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The premature newborn infant Ola Didrik Saugstad Department of Pediatric Research Rikshospitalet University Hospital University of Oslo, Norway Student.

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Presentation on theme: "The premature newborn infant Ola Didrik Saugstad Department of Pediatric Research Rikshospitalet University Hospital University of Oslo, Norway Student."— Presentation transcript:

1 The premature newborn infant Ola Didrik Saugstad Department of Pediatric Research Rikshospitalet University Hospital University of Oslo, Norway Student lecture 9th semester

2 Prematurity GA < 259 days (37 weeks) Norway: 5.6% (1988) and 6.5% (1996) < 1.5 kg % (528 = 0.9% in 1996) < 1.0 kg 0.3 % (200 =0.3% in 1996) USA: 7% among caucasians 18% among black

3 Preterm infants Slight weeks Feeding and temperature problems, some have immature lungs Moderate weeks Immature lungs, temperature control, feeding problems, apneas Severe < 28 weeks Immature organ systems, intensive care Slight and moderate approx 3000, severe 200 ( %) per year

4 Terminology Low birth weight < 2.5 kg Very Low Birth Weight < 1.5 kg Extremely Low birth Weight < 1.0 kg Premature < 37 weeks Immature < 28 weeks ELGAN: Extremely Low Gestational Age Newborn < 26 weeks Small for gestational age < 2.5 percentile

5 General problems in premature infants Feeding: (IV – Gavage) Temperature control: (incubator-heated bed) Respiratory control: apneas, Respiratory support CPAP, Artificial ventilation Immature lungs – lack of surfactant: Oxygen suppl, Respiratory support (CPAP, ventilator) Immature brain: brain hemorrhage and cysts Immunology: risk of infections (antibiotics) Organ injury (Brain, Eye, Lung, Intestine, Skin Long term consequences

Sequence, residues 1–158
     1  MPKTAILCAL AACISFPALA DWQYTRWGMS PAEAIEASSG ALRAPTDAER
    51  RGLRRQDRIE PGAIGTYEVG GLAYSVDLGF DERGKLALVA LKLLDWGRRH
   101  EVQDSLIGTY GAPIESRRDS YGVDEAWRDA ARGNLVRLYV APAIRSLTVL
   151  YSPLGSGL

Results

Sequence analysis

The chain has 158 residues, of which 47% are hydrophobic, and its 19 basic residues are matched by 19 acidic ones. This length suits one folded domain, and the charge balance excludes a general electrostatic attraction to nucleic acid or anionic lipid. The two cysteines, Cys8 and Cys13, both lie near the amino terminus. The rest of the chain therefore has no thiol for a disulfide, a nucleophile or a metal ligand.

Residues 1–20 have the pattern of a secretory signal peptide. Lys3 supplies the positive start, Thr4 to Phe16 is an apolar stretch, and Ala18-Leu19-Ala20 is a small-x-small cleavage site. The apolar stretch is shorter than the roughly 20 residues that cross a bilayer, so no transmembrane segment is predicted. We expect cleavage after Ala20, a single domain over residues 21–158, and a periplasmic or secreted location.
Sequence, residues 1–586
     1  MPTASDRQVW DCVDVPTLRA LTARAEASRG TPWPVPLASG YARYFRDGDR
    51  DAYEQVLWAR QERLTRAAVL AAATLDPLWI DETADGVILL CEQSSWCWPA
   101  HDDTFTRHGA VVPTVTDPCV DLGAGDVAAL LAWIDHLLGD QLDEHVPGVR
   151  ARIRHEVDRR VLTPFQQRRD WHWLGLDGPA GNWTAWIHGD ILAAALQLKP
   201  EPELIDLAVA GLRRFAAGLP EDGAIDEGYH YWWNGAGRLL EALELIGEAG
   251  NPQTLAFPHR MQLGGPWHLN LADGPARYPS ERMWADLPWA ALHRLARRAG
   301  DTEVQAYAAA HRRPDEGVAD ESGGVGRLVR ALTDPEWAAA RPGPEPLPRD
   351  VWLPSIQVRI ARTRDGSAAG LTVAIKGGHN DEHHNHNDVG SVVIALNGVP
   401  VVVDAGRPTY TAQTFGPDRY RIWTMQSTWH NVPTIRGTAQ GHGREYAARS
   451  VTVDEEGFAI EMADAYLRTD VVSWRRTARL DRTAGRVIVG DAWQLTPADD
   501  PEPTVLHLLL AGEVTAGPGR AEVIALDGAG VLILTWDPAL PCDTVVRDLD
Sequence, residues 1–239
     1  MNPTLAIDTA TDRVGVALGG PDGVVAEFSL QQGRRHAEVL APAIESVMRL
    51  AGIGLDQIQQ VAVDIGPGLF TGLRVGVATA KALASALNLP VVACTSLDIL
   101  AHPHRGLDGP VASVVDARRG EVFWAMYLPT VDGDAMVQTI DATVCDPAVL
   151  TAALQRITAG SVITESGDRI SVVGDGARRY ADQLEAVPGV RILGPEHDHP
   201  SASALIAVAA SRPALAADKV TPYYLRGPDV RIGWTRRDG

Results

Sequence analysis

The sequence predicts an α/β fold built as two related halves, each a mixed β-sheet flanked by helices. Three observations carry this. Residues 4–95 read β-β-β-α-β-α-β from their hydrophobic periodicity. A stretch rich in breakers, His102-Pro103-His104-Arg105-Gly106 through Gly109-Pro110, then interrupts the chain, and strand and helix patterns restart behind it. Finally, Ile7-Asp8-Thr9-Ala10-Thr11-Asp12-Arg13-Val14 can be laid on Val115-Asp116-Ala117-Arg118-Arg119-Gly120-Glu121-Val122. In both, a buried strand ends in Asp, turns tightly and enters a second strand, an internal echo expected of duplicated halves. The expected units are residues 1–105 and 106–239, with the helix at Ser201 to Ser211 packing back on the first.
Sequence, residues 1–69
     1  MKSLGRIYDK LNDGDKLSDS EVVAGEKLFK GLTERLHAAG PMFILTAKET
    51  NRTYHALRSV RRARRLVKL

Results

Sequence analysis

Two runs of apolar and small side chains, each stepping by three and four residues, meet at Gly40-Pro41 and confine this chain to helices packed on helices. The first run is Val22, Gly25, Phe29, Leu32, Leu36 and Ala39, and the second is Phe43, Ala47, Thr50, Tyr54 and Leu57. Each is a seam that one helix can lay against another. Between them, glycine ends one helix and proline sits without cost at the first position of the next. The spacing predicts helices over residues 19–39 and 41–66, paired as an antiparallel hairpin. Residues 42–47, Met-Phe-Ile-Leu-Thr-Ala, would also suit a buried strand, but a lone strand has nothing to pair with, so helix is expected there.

6 Survival 1940: 50% with BW1500 gram survive 2000: 50% with BW 600 gram survive Birth weight % Survival after 1 year g g g 76_______________ Medical Birth Registry

7 Survival Gestational age weeks Survival % NFR’s Consensus report 1999

8 Sequels From 1979 to 1994 survival among preterm infatns with BW gr increased from 20 to 59%. The percentage of children with severe neurosensory injury was however, unchanged (O’Shea 1997)

9 Injury of ELGANs < 26 uker < 800 gram Mental retardation 14% 14% Cerebral palsy 12% 8% Blindness 8% 8% Deafness 3% 3% ”Major disability” 22% 24% Survival increased, however rate of injury was constant Lorents JM et al 1998, (meta-analysis including > 4000 children)

10 Injury of preterm infants Eye ( Retinopathy of prematurity ROP Stage 1-5) Brain injury (Intracranial hemorrhage (grade 1-4) Periventricular leukomalacia PVL). Immature capillaries (plexus Choroides), hemodynamic changes, intrauterine inflammation Pulmonary ( Bronchopulmonary dysplasia - BPD, Chronic lung disease - CLD) Intestinal (necrotizing enterecolitis - NEC)

11 Development and pathogenesis of ROP

12 Impact of BPD, Brain Injury & ROP on 18 m Outcome of ELBW Infants Schmidt B et al. JAMA. March 2003;289: “ A simple count of 3 common neonatal morbidities strongly predicts the risk of later death or disability ” Overall probability of a poor 18 m (35%)

13 School problems A Dutch study showed that > 50% with BW < 1500 gram needed extra support at school No relation between Gestational age and injury Preterm infants have to be followed-up at least till school age because these problems have a late debut. Learning problems picked up around 8 years ADHD Hyperactivity Intellectual problems (arithmetics, solving problems, cognitive functions) Short term memory Coordination problems Behavioral problems (shy, sport performance, sosialise ) Boys> girs Low Socioeconomic conditions

14 Future challenges Prevent preterm birth Understand relation between intrauterine conditions and postnatal injury Improved nutrition Improved technology New drugs (antioxidants, anti inflammatory, etc) New insight into the needs and the psychological development


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